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Received summons-- NEED ADVICE!!

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1. Who is suing you? Zarzaur & Schwartz

2. For how much? $1,167.77

3. Who is the original creditor? Capitol One

4. How do you know you are being sued? Served with a summons

5. How were you served? Were you served? In person by sherriff.

6. What was your correspondence (if any) with the people suing you before you think you were being sued? No

7. Where do you live? Alabama

8. When is the last time you paid on this account? May 2008

9. What is the status of your case (if anything has been opened)? You can find this by a) calling the court or B) looking it up online (many states have this information posted daily). It was filed June 19, 2009

10. Have you disputed the debt with the credit bureaus (both the original creditor and the collection agency?) No

11. Did you request debt validation before the suit was filed? If not, don't bother doing this now. No

12. Does your summons require a response? (Look hard!) If you don't get a questionnaire with your summons, you are still probably required to answer it in writing. If you don't respond to the lawsuit notice you will lose automatically. In 99% of the cases, they will require you to answer the summons, and each point they are claiming. We need to know what the "charges" are. Please post what they are claiming. Did you receive an interrogatory (questionnaire) regarding the lawsuit?

No questionnaire received.

The attorney's Declaration Pursuant states that first cause of action was breach of contract, the second cause of action is money had and received and thrid cause of action account stated

13. What evidence did they send with the summons? An affadavit? A statement from the OC? Anything else they attached as exhibits? Nothing

14. What is the SOL on the debt? Alabama.... 6

I have no idea as to where to begin handling this matter. I can't afford an attorney nor do I have the lump sum. I can make monthly payments on this. I just dont know who I need to speak with in order to try to resolve the matter without going to court. Please help!! I have until Friday July 3 to respond.

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The first thing you need to do is file an answer.

People here can guide you through that. It is VERY IMPORTANT that you file it within the time limits or you can lose by default. DO NOT ALLOW THIS TO HAPPEN.

Is this in relation to a credit card account?

Who is named as the plaintiff on the summons?

Have you pulled your credit reports?

If so what is showing on them regarding this account?

Have any collection agencies or JDB's been in touch with you, if so who?

Is this your debt and do you recognise the amount claimed as being correct?

You can find your states Rules of Civil Procedure and other AL legal resources at the link below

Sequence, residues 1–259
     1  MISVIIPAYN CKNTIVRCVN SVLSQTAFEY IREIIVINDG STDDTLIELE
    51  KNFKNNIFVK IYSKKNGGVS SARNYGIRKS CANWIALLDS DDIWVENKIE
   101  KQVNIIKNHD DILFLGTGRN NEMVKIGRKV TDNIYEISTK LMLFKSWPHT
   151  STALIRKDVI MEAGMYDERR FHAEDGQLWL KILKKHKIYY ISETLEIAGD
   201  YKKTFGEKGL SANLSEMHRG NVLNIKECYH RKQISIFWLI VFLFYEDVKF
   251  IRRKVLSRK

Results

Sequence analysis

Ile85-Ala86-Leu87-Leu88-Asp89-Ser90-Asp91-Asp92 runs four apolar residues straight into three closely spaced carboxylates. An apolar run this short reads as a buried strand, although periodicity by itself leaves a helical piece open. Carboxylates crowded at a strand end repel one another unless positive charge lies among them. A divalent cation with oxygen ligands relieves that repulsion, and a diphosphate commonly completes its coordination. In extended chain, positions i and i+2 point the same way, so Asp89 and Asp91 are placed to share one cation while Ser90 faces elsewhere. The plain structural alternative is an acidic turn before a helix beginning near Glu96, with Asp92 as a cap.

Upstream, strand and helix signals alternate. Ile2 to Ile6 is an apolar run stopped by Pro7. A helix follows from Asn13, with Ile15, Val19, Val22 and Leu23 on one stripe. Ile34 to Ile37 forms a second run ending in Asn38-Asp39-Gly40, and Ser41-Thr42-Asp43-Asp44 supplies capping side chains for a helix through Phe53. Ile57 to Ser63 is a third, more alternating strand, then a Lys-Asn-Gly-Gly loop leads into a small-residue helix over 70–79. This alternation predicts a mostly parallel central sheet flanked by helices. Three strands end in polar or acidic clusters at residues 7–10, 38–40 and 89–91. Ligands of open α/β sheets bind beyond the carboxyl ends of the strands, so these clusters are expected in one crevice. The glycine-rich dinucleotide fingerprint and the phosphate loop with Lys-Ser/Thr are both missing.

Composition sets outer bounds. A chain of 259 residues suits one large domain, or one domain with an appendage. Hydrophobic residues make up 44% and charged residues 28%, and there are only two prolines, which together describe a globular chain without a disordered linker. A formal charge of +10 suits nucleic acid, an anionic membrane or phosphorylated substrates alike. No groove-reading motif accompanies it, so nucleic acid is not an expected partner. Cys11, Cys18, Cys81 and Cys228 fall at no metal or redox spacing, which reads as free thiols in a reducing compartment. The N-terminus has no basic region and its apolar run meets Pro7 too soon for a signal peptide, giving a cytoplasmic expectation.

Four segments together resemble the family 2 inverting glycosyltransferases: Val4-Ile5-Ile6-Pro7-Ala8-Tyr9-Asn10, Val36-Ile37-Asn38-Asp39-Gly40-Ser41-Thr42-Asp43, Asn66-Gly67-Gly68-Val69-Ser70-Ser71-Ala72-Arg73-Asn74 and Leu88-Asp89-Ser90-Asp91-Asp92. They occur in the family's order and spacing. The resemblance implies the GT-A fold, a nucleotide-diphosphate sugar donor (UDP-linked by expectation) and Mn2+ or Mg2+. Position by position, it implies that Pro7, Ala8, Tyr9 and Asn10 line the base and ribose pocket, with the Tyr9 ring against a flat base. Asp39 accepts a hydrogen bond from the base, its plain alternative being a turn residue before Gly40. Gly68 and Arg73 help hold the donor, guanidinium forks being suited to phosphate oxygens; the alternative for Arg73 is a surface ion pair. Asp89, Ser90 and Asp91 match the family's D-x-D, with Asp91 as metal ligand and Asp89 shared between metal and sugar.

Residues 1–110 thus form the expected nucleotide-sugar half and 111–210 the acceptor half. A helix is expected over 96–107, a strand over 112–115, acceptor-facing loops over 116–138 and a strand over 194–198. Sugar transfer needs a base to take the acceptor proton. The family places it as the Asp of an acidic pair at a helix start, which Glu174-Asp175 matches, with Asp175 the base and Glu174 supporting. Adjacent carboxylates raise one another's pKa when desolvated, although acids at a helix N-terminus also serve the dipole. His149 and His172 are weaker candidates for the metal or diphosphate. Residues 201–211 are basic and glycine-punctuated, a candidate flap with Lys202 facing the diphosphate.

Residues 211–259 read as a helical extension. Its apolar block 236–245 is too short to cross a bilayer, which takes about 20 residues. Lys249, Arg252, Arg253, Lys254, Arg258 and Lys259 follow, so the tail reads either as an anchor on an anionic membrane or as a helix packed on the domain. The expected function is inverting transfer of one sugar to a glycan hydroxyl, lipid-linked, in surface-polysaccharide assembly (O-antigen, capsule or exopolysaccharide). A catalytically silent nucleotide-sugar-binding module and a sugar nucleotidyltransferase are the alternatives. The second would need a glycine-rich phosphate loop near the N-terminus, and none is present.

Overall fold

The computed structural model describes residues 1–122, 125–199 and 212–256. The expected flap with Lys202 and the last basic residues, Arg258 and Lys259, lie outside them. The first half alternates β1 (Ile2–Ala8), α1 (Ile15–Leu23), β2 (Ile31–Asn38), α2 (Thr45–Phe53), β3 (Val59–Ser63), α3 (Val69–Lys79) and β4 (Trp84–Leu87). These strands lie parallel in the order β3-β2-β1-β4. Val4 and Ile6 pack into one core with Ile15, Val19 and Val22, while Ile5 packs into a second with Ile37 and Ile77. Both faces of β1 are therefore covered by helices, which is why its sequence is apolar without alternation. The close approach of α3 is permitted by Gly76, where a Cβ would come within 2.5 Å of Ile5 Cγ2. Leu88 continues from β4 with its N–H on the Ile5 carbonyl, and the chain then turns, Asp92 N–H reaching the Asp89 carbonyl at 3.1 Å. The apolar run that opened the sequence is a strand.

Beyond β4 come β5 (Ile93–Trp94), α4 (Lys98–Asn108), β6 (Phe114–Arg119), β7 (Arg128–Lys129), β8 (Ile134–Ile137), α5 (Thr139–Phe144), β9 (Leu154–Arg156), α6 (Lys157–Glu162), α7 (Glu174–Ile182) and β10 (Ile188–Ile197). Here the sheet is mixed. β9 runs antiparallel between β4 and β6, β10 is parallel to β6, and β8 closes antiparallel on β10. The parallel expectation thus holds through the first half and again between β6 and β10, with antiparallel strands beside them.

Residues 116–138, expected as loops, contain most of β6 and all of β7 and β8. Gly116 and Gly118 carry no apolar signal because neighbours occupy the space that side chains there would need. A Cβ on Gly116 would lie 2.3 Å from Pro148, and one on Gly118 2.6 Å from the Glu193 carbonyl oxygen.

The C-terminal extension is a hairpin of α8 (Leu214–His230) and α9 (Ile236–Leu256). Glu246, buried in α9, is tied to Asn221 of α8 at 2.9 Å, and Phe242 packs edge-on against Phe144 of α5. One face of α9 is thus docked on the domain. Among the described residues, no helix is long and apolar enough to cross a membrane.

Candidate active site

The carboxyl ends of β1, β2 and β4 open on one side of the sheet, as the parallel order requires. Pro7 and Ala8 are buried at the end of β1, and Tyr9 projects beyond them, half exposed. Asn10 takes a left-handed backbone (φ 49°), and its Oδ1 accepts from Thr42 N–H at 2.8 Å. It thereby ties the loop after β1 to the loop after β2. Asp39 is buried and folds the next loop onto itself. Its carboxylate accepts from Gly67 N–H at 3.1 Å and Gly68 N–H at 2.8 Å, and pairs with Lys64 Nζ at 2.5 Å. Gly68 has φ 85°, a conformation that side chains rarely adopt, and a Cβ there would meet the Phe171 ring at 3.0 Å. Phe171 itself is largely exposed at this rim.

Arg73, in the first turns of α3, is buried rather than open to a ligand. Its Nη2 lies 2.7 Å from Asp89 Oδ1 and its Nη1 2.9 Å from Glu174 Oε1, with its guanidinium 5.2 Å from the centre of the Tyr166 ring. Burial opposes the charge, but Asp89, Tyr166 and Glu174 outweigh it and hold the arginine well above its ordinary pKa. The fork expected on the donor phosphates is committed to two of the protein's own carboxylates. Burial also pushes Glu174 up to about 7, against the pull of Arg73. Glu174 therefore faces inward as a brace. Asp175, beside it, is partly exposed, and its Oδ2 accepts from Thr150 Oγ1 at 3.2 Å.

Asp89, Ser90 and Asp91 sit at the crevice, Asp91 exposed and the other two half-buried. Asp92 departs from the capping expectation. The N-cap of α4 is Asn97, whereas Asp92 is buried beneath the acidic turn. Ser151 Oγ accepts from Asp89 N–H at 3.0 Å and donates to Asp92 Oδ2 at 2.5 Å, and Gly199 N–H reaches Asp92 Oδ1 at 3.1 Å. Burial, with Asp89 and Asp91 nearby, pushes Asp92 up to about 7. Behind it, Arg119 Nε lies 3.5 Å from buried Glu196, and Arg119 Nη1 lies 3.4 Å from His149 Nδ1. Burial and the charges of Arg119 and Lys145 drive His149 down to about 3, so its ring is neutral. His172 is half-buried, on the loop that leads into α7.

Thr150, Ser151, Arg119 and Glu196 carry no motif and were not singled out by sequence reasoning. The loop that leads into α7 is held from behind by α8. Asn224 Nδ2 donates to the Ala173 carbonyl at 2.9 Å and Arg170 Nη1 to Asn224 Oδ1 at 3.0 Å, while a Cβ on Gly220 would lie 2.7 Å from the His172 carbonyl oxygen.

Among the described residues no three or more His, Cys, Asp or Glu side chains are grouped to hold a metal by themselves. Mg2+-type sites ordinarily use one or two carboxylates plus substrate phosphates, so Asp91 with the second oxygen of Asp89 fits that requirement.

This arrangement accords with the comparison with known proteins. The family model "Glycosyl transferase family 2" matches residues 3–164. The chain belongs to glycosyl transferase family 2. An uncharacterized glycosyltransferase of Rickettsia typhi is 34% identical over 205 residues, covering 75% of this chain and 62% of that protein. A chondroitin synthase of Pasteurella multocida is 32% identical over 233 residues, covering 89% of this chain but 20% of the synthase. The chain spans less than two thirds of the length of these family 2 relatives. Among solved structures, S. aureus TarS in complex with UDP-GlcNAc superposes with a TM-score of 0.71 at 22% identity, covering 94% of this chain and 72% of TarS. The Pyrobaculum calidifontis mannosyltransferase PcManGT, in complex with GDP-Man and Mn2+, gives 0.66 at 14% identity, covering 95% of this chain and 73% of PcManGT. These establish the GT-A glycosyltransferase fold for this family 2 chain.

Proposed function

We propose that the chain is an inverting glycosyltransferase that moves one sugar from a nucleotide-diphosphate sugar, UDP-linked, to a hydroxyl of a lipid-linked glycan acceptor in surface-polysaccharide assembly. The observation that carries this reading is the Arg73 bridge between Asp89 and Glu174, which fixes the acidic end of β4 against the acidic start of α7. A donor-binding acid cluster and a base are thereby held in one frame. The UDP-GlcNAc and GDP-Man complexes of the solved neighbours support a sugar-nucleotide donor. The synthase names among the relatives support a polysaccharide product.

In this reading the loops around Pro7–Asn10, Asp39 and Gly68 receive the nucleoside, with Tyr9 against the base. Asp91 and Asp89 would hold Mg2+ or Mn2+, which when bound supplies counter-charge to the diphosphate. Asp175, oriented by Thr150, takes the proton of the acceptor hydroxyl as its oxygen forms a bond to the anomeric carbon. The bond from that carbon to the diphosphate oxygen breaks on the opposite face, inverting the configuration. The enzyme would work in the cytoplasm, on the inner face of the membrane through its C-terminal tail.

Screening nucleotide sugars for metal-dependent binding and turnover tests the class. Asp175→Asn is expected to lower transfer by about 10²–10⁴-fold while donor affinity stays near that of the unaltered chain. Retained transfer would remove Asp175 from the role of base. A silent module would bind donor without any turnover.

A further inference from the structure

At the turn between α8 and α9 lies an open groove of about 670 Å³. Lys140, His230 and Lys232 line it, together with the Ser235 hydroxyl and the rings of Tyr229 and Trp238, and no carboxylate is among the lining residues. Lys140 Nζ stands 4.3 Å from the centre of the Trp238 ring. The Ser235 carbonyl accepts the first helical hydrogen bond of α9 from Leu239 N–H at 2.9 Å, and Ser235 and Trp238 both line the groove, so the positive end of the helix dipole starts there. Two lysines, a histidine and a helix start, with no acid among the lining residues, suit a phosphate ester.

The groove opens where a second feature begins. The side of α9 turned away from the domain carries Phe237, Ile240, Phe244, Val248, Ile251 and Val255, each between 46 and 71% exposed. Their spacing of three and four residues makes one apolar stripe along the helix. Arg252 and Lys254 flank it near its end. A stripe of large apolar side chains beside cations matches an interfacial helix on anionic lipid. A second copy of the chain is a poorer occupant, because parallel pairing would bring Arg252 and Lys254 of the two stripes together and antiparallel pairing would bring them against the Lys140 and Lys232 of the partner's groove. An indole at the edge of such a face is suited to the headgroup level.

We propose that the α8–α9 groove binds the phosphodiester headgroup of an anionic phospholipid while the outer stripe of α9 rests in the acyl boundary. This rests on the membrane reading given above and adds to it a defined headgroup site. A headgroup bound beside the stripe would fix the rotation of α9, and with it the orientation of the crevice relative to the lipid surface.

You will find pro bono and legal assistance links for low income cases at the link below


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What court did they sue you in? Small claims or other? That will affect your answer procedure.

You may also want to contact John Watts and ask about a free or low cost consult, or simply read their blog to help you understand some of the legaleze and how debt lawsuits work here


Here is some case law on Alabama account stated , can't help with the written contract though.

(Quotes found in Ayers v. Cavalry)

An account stated also requires an express or implied agreement to pay the bill. Car Center, supra. Calvary does not allege an express agreement between the parties. In Car Center, our supreme court held that "[a]n implied agreement to pay a bill can arise only where there has been a showing that the bill was rendered and the recipient of the bill failed to object within a reasonable time." 519 So. 2d at 1323. Here, Cavalry has failed to demonstrate that a bill was rendered to Ayers, and, therefore, that Ayers's agreement to pay the bill could be implied.

In Mobile Rug & Shade Co. v. Daniel, 424 So. 2d 1332, 1333 (Ala. Civ. App. 1983)(quoting Martin v. Stoltenborg, 273 Ala. 456, 459, 142 So. 2d 257, 259 (1962)), this court noted that "'[a]n account stated is not founded on the original liability, but on the defendant's admission that a definite sum is due in the nature of a new promise, express or implied.'" In that case, the court noted that, according to an affidavit, the plaintiff sought to recover upon the original liability rather than upon a new promise by the defendant to pay the total account balance. The court noted that the evidence indicated only an original promise to pay, not a new promise to do so. Thus, the court determined that the claim in that case was in the nature of one for an open account and not for an account stated.

Edited by ALVA
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